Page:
coalition, always including itself, at random. All
possible coalitions, including the one with no
other members but itself, are equally likely.
2. Each party chooses a random distribution of
cabinet portfolios and a policy position for this
potential coalition. All distributions and policies
within X are equally likely.11
3. Each party then compares the utilities associated
with each of the proposed coalitions to the utility
associated with the status quo. With the exception
of the first election, the status quo is always the
previous election’s government, which serves as
the caretaker government just after the election.
The initial status quo before any election has
occurred consists of the median voter’s policy
with cabinet shares equal to zero for all parties.
Any proposed government that strictly beats
the status quo for all potential members of the
governing coalition and additionally for a number
of parties controlling a simple majority of legislative seats draws the attention of the head of state.
4. If only one proposed government has drawn the
head of state’s attention, then this is installed as
the duly mandated government and becomes the
new status quo for the next election. If more than
one proposed government fits the bill, then the
head of state chooses one randomly and installs it
433
as the new government and status quo.12 The
endogenously determined successful formateur is
the proposer of the government alternative that
takes office. If no proposed government has the
support of its coalition and a majority of the
legislature, then all proposed governments are
discarded and all parties start from scratch in step 1.
5. This process continues until either a government
is installed or 100 periods pass. In the latter case,
the caretaker government is reinstalled. This may
be interpreted as the need for a functioning
government taking precedence over continued
bickering. This cutoff is typically invoked in the
model when a particular arrangement of parties
and policies favors a narrow range of proposals,
leading to the failure of parties to find anything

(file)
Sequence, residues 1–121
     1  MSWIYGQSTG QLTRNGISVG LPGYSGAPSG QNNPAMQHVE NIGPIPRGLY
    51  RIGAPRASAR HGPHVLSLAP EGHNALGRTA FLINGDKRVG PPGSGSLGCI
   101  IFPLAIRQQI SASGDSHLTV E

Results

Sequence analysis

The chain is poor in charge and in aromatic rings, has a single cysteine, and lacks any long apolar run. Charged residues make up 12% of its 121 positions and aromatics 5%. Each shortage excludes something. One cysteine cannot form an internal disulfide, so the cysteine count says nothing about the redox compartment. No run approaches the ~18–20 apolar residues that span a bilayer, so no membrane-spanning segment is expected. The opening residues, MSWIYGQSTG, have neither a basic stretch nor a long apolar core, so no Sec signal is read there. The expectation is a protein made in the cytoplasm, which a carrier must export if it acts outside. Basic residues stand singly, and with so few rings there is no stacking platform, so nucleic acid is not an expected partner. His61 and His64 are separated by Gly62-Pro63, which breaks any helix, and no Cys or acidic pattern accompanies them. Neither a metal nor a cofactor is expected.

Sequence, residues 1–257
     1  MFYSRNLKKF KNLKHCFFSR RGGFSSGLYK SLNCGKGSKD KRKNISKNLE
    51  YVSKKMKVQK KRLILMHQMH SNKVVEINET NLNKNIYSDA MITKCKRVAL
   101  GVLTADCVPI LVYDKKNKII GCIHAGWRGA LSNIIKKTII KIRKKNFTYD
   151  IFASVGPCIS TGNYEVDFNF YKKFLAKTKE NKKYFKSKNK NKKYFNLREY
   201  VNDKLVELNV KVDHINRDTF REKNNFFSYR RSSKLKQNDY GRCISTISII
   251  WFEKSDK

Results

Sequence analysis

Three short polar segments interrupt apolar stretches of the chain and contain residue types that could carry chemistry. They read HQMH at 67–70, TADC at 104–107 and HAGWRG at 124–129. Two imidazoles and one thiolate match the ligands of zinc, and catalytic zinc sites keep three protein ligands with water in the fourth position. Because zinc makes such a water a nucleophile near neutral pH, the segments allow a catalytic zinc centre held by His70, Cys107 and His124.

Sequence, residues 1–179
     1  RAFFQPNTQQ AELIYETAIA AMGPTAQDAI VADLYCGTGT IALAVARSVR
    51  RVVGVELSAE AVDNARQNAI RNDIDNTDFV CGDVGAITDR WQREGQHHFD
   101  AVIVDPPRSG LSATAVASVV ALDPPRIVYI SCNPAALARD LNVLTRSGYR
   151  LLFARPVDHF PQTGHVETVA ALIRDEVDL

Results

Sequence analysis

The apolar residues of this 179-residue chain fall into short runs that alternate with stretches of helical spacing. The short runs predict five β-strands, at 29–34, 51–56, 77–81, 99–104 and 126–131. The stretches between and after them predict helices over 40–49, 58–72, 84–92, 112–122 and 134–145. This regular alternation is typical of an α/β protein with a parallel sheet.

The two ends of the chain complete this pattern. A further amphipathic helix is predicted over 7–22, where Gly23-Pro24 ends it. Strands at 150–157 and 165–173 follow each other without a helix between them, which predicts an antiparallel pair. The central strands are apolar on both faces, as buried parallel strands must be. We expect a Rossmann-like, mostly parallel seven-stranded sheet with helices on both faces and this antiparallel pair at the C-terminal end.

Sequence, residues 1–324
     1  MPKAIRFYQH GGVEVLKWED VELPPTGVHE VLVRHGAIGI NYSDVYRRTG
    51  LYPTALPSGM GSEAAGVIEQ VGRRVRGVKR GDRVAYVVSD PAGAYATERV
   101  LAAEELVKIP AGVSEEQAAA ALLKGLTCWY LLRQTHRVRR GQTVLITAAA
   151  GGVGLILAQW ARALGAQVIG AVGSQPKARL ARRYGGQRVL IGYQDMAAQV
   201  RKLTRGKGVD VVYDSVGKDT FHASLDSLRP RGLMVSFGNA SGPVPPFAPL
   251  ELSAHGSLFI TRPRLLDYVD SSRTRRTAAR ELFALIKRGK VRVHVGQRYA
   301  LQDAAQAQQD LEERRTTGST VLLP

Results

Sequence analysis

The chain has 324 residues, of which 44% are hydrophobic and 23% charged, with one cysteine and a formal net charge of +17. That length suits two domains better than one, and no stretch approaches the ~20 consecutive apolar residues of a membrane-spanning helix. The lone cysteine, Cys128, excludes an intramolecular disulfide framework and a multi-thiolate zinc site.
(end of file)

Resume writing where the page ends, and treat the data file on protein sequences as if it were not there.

better in subsequent elections.13
In our analysis, we model a repeated governmentformation process for a given party system, i.e., for a
fixed set of parties, policy positions, and seat shares.
With the exception of the initial status quo, governments emerge endogenously and the choice of government responds dynamically to the previous status
quo government. We then repeat this process for
different party systems.
Results
With more than three parties, random coalition
choice, and majority rule voting, no tractable analytic
solution exists from which to draw insight. We
therefore turn to simulation methods (Bendor et al.
2011; Laver and Sergenti 2011; Miller and Page 2007).
12
11
One might argue that assuming a uniform distribution over
proposals is a rather strong assumption. However, we believe that
assuming a uniform distribution over proposals is, in a very
specific sense, the weakest assumption one can make in a model
where proposals must be made. Note that any model that
requires the production of proposals is necessarily equivalent to
a model that delineates some distribution, possibly degenerate,
over possible proposals. Given this, the uniform distribution is
the least informative distribution available to us. Indeed this is
precisely why it is employed in zero-intelligence models and why
a ‘‘flat’’ prior is so often used in Bayesian statistics. We should
note, though, that we replicated our analysis with a variant model
in which parties cannot make proposals that include a policy in
either dimension that is more extreme than the proposed
coalition’s most extreme party’s ideal point in that dimension.
Other than a decrease in the mean duration of bargaining delay,
results were qualitatively similar.
We explored two variations to this rule. In one, we had the head
of state choose the proposal with the policy closest to the median
voter. In the other, we had the head of state take a straw poll of all
parties and choose the plurality winning proposal. These different
rules did not yield appreciably different results. We also analyzed
a variant of our model in which all parties had the chance to
make some number of additional proposals in an attempt to beat
each new status quo before it was installed as the next government. Although we obtained qualitatively similar results for the
distribution of government types and the allocation of portfolios,
we obtained somewhat different results for bargaining delay. The
reason for this is that in this variant of the model easily beaten
status quos lead to longer delays, not shorter ones, as new
winning proposals are introduced again and again. Given a lack
of empirical knowledge as to exactly how the bargaining process
unfolds, we chose to stick with the simpler modeling assumption.
13
We also examined the situation in which the governmentformation process could continue for 1,000 periods before the
caretaker government was reinstalled; our results were qualitatively similar.
434
matt golder, sona n. golder, and david a. siegel
The Markov process defined in the previous section is
ergodic when discretized in the simulation, implying
that for any set of parameters, all simulated outputs